When it comes to a personal injury law case, you need to know that there are some things that will prohibit the start of a case. As long as you have all the facts and have a good personal injury attorney, you will be able to move forward in a personal injury case. Here are some facts that you should know about cases surrounding personal injury.

Jurisdiction of Personal Injury Cases

Depending on the level of injury you sustained in your injury will determine which of the courts is going to hear a court case surrounding a claim. A small claim court is going to handle cases which are equal to or up to $3000. The small claims court is going to determine if and how much of the money you receive that you have requested.

If you have an injury that is worth more than that, you can file for losses through the local municipal court or magistrate office. You are entitled to this level of a court hearing if your losses are worth up to $15,000. You will need to file in your county where the injury occurred at and not where you live, if they are two separate areas.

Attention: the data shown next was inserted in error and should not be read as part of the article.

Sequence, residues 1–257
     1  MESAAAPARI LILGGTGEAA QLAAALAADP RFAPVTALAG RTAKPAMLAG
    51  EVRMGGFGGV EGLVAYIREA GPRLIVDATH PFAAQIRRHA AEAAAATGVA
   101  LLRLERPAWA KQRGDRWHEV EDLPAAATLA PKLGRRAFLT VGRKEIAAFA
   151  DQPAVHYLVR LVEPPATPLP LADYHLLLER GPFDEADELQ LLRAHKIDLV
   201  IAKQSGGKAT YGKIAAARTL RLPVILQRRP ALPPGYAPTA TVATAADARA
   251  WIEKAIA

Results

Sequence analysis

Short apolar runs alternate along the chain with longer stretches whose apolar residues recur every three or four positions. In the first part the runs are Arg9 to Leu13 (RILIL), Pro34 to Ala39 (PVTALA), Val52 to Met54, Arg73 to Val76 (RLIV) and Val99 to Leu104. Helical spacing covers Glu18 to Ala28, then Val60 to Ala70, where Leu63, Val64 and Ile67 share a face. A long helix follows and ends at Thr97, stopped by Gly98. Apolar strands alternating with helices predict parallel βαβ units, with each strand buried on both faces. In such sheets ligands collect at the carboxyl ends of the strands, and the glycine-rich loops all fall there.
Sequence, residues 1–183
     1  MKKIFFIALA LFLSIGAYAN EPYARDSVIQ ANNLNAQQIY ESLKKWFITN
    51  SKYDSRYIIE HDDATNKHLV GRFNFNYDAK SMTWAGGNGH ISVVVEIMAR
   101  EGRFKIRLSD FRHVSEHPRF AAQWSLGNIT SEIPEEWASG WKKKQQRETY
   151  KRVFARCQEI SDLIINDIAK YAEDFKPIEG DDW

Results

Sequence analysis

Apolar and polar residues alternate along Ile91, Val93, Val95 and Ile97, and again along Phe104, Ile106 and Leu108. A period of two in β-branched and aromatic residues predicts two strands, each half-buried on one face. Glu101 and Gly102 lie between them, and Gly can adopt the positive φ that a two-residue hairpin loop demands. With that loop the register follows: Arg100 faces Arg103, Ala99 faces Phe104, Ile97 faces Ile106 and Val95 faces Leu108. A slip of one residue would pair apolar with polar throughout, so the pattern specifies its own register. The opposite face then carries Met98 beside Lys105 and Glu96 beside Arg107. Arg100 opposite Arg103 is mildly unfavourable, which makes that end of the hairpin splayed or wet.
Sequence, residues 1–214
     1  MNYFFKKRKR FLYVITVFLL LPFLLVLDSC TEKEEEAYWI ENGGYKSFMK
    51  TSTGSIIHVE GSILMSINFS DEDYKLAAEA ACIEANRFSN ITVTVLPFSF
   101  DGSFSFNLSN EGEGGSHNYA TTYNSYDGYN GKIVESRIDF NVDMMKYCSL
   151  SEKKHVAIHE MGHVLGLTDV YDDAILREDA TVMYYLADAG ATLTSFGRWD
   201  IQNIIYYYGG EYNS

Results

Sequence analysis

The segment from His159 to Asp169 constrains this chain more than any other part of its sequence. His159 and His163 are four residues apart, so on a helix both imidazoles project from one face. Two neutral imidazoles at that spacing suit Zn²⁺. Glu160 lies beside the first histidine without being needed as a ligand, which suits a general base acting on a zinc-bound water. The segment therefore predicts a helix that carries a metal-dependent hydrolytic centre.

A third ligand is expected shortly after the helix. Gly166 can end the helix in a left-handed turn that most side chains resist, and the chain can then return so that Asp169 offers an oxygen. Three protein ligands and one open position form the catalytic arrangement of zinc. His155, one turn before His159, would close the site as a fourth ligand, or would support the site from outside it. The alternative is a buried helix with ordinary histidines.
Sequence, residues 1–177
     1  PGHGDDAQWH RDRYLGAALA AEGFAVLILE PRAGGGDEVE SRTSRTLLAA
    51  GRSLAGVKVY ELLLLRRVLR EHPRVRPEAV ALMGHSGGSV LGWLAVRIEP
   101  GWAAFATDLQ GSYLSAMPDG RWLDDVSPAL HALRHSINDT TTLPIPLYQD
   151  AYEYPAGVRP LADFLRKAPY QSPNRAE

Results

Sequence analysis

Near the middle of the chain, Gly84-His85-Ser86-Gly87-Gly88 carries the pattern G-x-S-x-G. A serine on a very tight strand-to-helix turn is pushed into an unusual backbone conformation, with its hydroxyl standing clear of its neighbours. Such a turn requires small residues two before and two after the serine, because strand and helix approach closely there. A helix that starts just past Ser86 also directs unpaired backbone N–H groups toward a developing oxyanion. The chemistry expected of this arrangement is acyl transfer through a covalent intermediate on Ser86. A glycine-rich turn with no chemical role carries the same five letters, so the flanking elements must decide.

Claims that are more than $15,000 will have to go to the Court of Common Pleas where you had the accident or where at least one of the persons involved in the accident lives.

All of these cases should never be persuaded if you do not have an attorney. An attorney is going to make sure that you get everything that you are asking for or will give you a leg up to ensure that your case is heard fairly. If not, you stand the chance of losing your case.

Statute of Limitations

There is going to be a time period in which you have to file a claim regarding an injury that occurred. Depending on the injury and what you are asking for. All states issue a statute of limitations which limits how long you have to file a claim and in the state of Ohio, the statute of limitations for a personal injury claim is two years from the date of the injury.

A medical malpractice personal injury claim however is going to be a less amount of time. For an injury involving medical malpractice, the individual is going to have 1 year from the time of the injury however there is the possibility to extend that time period if you serve the person you are suing with a notice of intent to file a lawsuit. This notice will need to be filed with the party prior to the date of expiration for the medical malpractice suit.

If the person injured is under the age of 18 then you have a little bit of time to file a claim. If they are injured in a medical malpractice case, you have one year past their 18th birthday to file a claim otherwise you have 2 years past their 18th birthday.